Tuesday, August 18, 2009

New Jersey takes a better path for treating the mentally ill

New Jersey takes a better path for treating the mentally ill
Posted by By James Pavle and Kristina Ragosta/Special to The Star-Ledger August 18, 2009 7:25AM

New Jersey created a great opportunity to provide better outpatient treatment for individuals with severe mental illnesses when Gov. Jon Corzine signed Senate Bill No. 735 last Tuesday.

The governor's signature marks years of efforts by supporters to update New Jersey's outdated mental health treatment law. Before the bill was signed, the only option to treat individuals overcome by severe mental illness in New Jersey was one of the state's scarce remaining hospital beds.

Society has a responsibility to help those who cannot help themselves before their illness escalates to tragedy. Medical research now shows that nearly half of those with schizophrenia or bipolar disorder lack insight into their illness. They simply do not realize they are sick and in need of treatment because their brain disease has affected their ability for self-assessment. They cannot recognize that the symptoms of their illness -- hallucinations, delusions, paranoia and withdrawal -- are, in fact, symptoms, not reality.

Since they do not believe they are sick, they see no reason to apply for services and medication that would allow them to recover to a productive, normal life.

New Jersey now joins 42 other states that have improved their mental health treatment laws to allow assisted outpatient treatment as a less restrictive, less costly alternative to hospitalization for individuals suffering from severe mental illness. Such laws authorize a judge, typically only after a showing of medical necessity or danger, to order a person to follow a treatment plan, which can include medication, while living in the community.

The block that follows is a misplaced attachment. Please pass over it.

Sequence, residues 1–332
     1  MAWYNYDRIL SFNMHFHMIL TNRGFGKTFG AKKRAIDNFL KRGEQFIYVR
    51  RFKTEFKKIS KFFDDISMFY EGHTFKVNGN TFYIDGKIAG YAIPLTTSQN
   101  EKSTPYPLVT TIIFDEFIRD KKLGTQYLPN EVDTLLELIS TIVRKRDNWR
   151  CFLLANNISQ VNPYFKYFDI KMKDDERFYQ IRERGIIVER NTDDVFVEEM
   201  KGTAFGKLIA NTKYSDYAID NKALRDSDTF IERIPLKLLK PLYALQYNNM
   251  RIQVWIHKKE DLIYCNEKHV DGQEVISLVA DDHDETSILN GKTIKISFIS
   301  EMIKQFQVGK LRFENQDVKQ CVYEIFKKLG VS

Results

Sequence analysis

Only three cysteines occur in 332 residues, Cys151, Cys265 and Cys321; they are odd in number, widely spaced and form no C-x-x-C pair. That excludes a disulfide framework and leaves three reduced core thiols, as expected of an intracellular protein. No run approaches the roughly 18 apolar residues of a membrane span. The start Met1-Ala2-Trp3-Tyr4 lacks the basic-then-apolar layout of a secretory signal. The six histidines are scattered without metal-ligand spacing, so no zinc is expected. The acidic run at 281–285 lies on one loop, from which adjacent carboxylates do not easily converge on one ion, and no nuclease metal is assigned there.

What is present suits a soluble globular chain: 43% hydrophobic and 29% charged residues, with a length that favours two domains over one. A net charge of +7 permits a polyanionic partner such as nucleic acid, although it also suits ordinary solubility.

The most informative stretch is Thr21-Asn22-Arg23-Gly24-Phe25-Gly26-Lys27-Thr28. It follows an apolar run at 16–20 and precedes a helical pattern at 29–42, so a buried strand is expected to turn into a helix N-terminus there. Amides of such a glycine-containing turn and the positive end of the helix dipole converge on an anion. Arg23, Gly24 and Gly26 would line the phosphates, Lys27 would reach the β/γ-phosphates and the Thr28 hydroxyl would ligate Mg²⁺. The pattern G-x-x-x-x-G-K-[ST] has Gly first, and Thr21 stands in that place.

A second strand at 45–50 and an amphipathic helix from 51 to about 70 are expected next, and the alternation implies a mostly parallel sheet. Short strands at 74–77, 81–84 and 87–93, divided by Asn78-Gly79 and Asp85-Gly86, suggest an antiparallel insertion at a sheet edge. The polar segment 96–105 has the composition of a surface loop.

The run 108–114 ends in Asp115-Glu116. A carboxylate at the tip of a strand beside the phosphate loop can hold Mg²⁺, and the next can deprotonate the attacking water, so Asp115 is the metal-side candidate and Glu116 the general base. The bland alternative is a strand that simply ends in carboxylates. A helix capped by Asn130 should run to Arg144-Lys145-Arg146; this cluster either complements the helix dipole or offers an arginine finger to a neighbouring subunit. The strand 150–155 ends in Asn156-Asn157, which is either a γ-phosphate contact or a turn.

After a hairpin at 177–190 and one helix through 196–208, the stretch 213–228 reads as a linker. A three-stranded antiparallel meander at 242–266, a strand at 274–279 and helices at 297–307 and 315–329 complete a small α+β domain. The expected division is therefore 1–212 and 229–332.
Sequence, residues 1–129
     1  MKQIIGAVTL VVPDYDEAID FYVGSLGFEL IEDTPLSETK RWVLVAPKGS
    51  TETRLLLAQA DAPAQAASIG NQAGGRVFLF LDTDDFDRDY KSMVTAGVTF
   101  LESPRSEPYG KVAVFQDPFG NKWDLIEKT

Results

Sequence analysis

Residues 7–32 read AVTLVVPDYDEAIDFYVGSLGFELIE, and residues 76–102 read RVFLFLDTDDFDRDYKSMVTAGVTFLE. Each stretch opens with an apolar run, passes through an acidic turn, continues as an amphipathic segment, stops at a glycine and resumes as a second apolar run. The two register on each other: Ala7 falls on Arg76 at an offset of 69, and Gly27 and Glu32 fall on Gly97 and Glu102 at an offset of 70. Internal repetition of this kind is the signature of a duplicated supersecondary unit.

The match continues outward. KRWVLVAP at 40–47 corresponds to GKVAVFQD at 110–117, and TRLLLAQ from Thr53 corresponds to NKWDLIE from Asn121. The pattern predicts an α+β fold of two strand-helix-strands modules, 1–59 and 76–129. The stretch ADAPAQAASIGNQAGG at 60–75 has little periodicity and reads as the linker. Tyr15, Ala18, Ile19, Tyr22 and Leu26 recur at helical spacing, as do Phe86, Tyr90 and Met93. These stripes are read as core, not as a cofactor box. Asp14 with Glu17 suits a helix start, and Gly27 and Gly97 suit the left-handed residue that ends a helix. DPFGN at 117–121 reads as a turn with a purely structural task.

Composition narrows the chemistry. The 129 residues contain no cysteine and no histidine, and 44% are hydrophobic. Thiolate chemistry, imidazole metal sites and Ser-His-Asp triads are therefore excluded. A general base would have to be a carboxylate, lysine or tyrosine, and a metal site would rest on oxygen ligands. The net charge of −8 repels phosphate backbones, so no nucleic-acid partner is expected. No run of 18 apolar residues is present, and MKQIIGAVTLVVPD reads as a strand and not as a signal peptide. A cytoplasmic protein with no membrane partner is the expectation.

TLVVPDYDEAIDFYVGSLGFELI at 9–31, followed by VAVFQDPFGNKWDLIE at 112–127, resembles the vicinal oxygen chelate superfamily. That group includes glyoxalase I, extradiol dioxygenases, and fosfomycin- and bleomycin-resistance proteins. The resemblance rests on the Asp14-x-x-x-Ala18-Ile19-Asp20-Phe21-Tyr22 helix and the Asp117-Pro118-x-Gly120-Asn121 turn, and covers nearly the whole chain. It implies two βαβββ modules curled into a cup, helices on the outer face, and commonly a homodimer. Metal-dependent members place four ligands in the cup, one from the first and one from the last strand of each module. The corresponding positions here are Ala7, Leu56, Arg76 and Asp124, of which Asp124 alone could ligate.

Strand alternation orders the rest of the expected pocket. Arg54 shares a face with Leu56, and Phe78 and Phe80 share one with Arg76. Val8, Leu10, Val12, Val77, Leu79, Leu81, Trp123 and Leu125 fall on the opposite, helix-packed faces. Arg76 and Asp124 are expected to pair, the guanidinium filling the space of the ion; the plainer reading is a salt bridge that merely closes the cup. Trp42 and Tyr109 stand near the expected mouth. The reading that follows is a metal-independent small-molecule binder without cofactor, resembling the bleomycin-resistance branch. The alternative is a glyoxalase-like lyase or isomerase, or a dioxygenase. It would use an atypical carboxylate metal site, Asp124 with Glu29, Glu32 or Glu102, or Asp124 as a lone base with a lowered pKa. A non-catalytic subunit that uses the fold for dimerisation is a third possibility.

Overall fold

Non-compliance with treatment, specifically non-adherence to medication, is strongly associated with hospitalization, arrest and violence among people with severe mental illnesses. Studies and data from states using assisted outpatient treatment laws prove they are effective in reducing these outcomes as well as homelessness, incarceration and victimization.

Assisted outpatient treatment also promotes long-term voluntary compliance. The research shows it can improve the individual's quality of life as well as physical and mental health -- not to mention the benefits for the individuals' families and the surrounding community.

New York is an example of a state that effectively implemented its assisted outpatient treatment law, known as Kendra's Law, which was adopted in 1999. A comprehensive independent evaluation of that law recently conducted for the state confirms that the court orders, in addition to community treatment, work to help those who need it most. This independent evaluation proves that, when implemented effectively, these types of laws can save lives.

The timing of the New Jersey law is critical as the state recently settled a case to release hundreds of psychiatric patients into the community over the next five years. It is well known that New Jersey's state psychiatric hospitals already are severely overcrowded, and readmission rates are estimated to be as high as 36 percent at one of the state hospitals.

County budgets are being adversely impacted by high hospital readmission rates as well, because counties are responsible for 50 percent of the cost of care that their residents receive in state psychiatric hospitals. Assisted outpatient treatment will help to lower hospital readmissions and is needed to reduce overcrowding and budget shortfalls.

The new law provides a great opportunity. Now the state needs to keep the momentum going and ensure that counties use it. The law is scheduled to be phased in over three years. Each year, one-third of the state's counties will implement assisted outpatient treatment. New Jersey counties must put this powerful tool to good use, to improve the lives of individuals suffering from severe mental illness and to prevent further tragedies caused by untreated severe mental illnesses.

James Pavle is executive director and Kristina Ragosta is legislative and policy counsel for the Treatment Advocacy Center, a national nonprofit organization based in Arlington, Va.

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